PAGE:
She wasn’t too comfortable letting the children go trick or treating by themselves but her son was almost 11 now. Surely he could keep an eye on his little sister, right? She heard them laughing as they stepped into the chilly night, with the crackling of orange and red leaves under their feet. Less than an hour later, she heard someone at the door once again, and expected to see ghosts and goblins from the neighborhood. However, it was her children. Back so soon? The children silently walked past, handing her their candy bags for inspection. She walked to the dining room table, and dumped the contents of her daughter’s bag on the table. And, that’s when she saw…

(Stories need only touch on this topic in some way to qualify.)


I’m always very nervous on Halloween.

When I was 12, I went trick-or-treating with my kid sister Patty. Mom said she trusted us and let us go off on our own. First year we’d been allowed to do that, so it was a big deal. Patty could be a snotnose, but I knew I could handle her.

It was a great night to be out. A full harvest moon had a touch of blood orange in its wide smile. The chilly wind whispered reassuring secrets. The trees rustled a mysterious chorus.

Someone had TP’d the branches. The strips of white paper waved at us like ghosts. Patty shivered, kicked my shin and said to hurry past.

We heard cats yowling, three of them making sorrowful noises. Perfect for Halloween.

I was dressed as a robot, wearing a clunky white cardboard and silver tinfoil outfit with flashing red lights. Red for danger.

My sister had thrown a typical tantrum when Mom wanted to make her into a little princess. Patty refused the sparkling crown, the flouncy sequined skirt, the white gloves and the regal purse. She stamped her feet and refused to try on the black patent leather shoes.

Instead, Patty demanded to be a tennis star. She wanted a slinky spandex top, a glitzy skort and neon-edged tennis shoes. Plus a metal racquet. And a tennis ball she could bounce as she went door to door. We pointed out this would require three hands, what with her goody bag, but Patty decreed I would carry her sack just like any other faithful robot. It was clear she watched far too much TV.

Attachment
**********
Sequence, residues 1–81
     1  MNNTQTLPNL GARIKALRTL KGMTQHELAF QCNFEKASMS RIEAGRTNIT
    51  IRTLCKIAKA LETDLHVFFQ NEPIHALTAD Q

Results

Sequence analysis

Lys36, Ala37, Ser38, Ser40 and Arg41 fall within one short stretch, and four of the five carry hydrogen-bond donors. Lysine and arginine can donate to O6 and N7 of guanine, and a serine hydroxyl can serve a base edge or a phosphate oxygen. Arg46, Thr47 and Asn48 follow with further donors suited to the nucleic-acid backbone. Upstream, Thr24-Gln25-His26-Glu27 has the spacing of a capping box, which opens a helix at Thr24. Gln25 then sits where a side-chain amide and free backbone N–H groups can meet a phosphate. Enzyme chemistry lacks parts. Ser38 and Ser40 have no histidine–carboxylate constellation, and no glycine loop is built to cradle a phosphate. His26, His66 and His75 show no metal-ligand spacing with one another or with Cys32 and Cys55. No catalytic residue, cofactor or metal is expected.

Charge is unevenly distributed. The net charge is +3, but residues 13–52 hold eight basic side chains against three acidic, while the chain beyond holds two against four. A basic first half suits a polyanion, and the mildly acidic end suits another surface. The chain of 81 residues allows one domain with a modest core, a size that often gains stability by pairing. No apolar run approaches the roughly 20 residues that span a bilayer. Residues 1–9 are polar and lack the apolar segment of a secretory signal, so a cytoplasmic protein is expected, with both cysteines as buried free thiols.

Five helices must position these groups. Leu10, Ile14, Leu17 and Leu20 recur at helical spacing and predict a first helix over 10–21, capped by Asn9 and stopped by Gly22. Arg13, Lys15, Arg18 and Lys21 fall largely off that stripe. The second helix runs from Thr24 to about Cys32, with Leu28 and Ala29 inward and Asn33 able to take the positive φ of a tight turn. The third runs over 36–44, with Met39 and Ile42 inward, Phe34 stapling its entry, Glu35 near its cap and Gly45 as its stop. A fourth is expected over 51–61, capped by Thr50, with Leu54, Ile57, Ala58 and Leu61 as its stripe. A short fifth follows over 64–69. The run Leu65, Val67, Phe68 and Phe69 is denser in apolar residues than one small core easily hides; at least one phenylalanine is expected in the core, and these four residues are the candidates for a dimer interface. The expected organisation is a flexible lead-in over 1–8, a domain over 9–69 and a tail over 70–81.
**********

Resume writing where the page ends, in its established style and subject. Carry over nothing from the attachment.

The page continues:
You’d think an eight-year-old wouldn’t prevail. But Mom is a sweetheart, a softie and a pushover all rolled into one. So she caved. A tennis star Patty would be. Mom dashed about like crazy and gathered everything. The tennis ball she found was pink, but Patty seemed to like that.

Dad had no say in the matter. Some months before, Dad had gone out and never come home. He’d been tricking Mom and treating himself. That’s what Mom said. These days I get the bitter humor. Back then I just missed Dad. It didn’t help that Patty became a terror after he left.

So here were the cardboard robot and the little tennis brat out trolling for treats, the robot holding two bags as though he were extra greedy.

The night smelled of stinky dead pumpkins, soggy leaves and smoke. They had a neat bonfire going in the park where everyone was invited after making their rounds. There’d be punch and marshmallows and, if we were lucky, s’mores. Cowboy Frank might be there to sing to us. He’d twist the words of the old songs to make them fit Halloween. “Old McDonald had a hearse” always set us to giggling nervously.

But first was the door to door. Mrs. Nairn gave us fat candy apples, Miss Harmon dispensed Tootsie Pops and Mr. Carson frightened us with a devil’s mask.

The Buckleys pretended to scowl when I held up two bags, since I seemed to be trying for double the goodies. Patty’s bag was getting heavy.

The Jamison’s lights were out, so we ignored them. We didn’t like that creepy house anyway. Or the Jamisons. Never a smile. Mr. Jamison had a way of watching you that’d make your skin prickle.

Now clouds hid the moon, the wind started nipping at us. The smoke twirled down the street right at us. Patty coughed. Those cats got to yowling again. This time they sounded mean. There were shrieks from the park.

And then it happened.

A car came humming up behind us, so quiet we barely noticed it. At the last second, I turned. It was big and black. The door opened. A masked guy grabbed Patty. She squealed and dropped her racquet. I swung my bag at the man. It burst. My Halloween goodies flew all over like goblins. The door slammed. The car raced away.

I wet my pants. I cried. I stood there like a scarecrow. A dumb scarecrow robot.

Finally I turned. My foot hit Patty’s tennis ball. I stuck it in her bag of treats. I stumbled home. Cardboard and tinfoil pieces tumbled behind me.

I babbled, I wept. Mom’s eyes were wide, horrified, but, strong as a hitching post, she called 911.

She mouthed their words. On the way, yes. Sit tight, yes. Don’t worry, yes. Don’t worry. Hurry. Hurry.

She sagged against a chair. Patty’s bag fell over. Out rolled the pink tennis ball.

Mom saw it. She burst into tears, grabbed me and held me tighter than tight. My red lights came on, flashing, flashing.

So, I’m always nervous at Halloween. But it’s not what you think. No, it’s because Halloween always reminds me that I’m a liar.

You see, I made up a key part of what I told everyone so convincingly. I knew exactly who grabbed Patty.

Take her away, Dad. She’s all yours. I miss you. But now I’ll have Mom all to myself.